Grantmakers Take on Varied Roles in Fight Against Poverty

By Susan Stehling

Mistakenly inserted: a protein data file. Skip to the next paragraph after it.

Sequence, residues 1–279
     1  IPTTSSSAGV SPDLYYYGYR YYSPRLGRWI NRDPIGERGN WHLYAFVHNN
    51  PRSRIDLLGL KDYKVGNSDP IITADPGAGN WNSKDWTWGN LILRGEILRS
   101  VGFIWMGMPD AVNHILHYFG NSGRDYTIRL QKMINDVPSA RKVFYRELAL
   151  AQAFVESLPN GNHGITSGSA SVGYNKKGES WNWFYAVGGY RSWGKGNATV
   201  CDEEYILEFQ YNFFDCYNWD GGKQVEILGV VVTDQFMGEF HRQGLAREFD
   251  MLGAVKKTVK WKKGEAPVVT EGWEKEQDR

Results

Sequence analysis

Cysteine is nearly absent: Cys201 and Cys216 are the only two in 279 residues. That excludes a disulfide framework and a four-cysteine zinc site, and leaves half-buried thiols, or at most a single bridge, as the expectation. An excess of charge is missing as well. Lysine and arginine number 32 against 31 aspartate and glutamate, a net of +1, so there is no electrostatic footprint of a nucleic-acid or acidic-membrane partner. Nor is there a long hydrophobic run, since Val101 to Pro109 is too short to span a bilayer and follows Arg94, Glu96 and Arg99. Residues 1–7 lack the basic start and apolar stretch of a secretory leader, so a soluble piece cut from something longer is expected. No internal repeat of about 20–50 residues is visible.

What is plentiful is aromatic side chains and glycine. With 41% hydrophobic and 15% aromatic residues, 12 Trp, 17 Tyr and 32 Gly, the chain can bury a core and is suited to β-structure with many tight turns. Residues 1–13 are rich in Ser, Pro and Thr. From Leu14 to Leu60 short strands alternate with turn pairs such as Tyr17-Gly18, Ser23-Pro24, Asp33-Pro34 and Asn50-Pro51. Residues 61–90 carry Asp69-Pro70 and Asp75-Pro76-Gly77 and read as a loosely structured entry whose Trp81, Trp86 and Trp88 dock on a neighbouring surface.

Despite glimmers of positive economic news in late 2011, many Minnesotans still struggle every day to put food on the table, keep a roof over their heads and find steady employment. Our state’s poverty rate is now 11.6 percent, up from 6.9 percent in 2000. And more than 15 percent of our children now live in poverty. Communities of color have been gripped by record high unemployment, stagnating wages and benefit cutbacks. At the same time, costs of food, transporta-tion, healthcare and other necessities continue to rise. The many factors that exacerbate poverty are tightly interwoven. Most agree that government must be involved in solutions – from maintaining the safety net to creating jobs. And Minnesota’s grant-makers also play a role in solving persistent problems. Some foundations invest heavily in meeting basic human needs, others work on systemic change around poverty’s root causes, some engage the community in identifying and solving problems, and still others take policy stands on matters af-fecting low-income residents. Despite the daunting nature of poverty, grantmakers work with their nonprofit partners, doing what they can to influence positive change.